This is a diagnostic invasive examination and involves the analysis of cells, DNA and metabolites in the baby’s fluid (amniotic fluid). Amniotic fluid cells are mainly derived from the fetus and so the chromosomes of these cells are the same as those of the fetus.
Under ultrasound, a very fine needle (thinner than that used in the chorionic villus biopsy) passes through the mother’s abdominal skin and 15-20 ml of amniotic fluid are taken from the amniotic sac around the embryo and sent to the laboratory. The amniotic fluid obtained consists of fetal urine and therefore the amount taken for examination is replenished in only a few hours.
The process lasts for one minute and we hear the baby’s heart immediately afterwards.
According to women’s testimonies, amniocentesis does not hurt. However, a slight discomfort in the sense of pressure is justified. Local anesthetic is not used since the amniocentesis needle is thinner than the local anesthetic and lasts for one minute.
Amniocentesis can be performed after the 15th week of pregnancy and until the end of pregnancy. Nevertheless, it is ideally recommended to have amniocentesis during the period between the 16th and the 20th week of gestation, while for the chromosomal testing is proposed as the upper limit the 32nd week of gestation because, due to increased dissolution of amniotic fluid, it is more likely after this stage of pregnancy to do not have results from the lab.
It is expected that you will have during the first 24 hours period pains or even pain in the lower abdomen. It is normal, as it is also normal to sometimes be described as vaginal spotting. Many times it helps to get a simple and safe painkiller tablet such as paracetamol (Depon).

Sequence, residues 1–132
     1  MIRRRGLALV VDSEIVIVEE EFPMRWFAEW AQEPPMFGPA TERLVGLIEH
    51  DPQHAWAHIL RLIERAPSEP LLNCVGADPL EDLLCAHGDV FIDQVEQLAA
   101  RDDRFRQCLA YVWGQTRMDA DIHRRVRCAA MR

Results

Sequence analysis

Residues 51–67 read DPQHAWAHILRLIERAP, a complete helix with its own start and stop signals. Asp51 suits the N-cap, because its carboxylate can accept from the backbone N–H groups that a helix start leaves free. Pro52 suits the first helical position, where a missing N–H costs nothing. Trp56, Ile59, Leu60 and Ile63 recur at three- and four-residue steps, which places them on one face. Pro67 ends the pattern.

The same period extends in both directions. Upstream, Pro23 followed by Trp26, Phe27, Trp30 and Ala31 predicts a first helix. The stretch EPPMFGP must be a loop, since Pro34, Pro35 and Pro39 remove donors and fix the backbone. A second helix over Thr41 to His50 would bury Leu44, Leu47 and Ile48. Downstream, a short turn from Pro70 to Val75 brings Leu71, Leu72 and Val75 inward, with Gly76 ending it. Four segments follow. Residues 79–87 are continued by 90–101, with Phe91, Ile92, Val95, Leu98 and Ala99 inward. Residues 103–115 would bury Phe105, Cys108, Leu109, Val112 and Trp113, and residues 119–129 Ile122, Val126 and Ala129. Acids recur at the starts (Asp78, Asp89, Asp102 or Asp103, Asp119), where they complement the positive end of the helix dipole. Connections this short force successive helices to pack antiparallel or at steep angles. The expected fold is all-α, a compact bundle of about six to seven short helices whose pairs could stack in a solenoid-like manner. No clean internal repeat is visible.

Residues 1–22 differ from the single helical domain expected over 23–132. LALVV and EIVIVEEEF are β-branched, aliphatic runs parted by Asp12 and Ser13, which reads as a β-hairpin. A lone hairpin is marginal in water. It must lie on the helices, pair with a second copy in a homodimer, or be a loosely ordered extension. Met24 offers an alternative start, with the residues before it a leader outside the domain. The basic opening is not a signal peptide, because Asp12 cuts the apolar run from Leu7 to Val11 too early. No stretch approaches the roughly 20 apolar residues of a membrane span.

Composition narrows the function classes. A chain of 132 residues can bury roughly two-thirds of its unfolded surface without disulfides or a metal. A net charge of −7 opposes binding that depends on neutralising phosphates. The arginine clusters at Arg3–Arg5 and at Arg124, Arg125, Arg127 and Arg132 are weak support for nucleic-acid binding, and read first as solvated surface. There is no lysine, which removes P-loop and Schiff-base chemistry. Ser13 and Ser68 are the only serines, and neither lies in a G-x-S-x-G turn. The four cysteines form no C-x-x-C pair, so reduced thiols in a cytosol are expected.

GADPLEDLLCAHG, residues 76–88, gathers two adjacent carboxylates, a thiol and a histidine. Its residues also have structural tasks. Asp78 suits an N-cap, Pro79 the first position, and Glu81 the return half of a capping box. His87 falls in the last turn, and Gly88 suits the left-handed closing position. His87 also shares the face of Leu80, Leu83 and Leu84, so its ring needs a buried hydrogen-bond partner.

It is not normal to feel acute abdominal pain, high fever, vaginal bleeding or amniotic fluid (“waters break”). In all these cases you should seek immediate medical advice.
The first results for chromosomal abnormalities such as Down syndrome are usually available within two to three days (PCR). Fetal karyotype (culture) and information on other abnormalities / syndromes / diseases / infections are available within two weeks of receiving the amniotic fluid. Once we have the results we will contact you immediately.
The risk of miscarriage as described by international literature is about 1/1000. A very low risk of maternal infection (1 in 1000) is described and therefore it is recommended to record the maternal temperature for the next two days. In cases of fever, clinical evaluation and possible initiation of antibiotic therapy are recommended.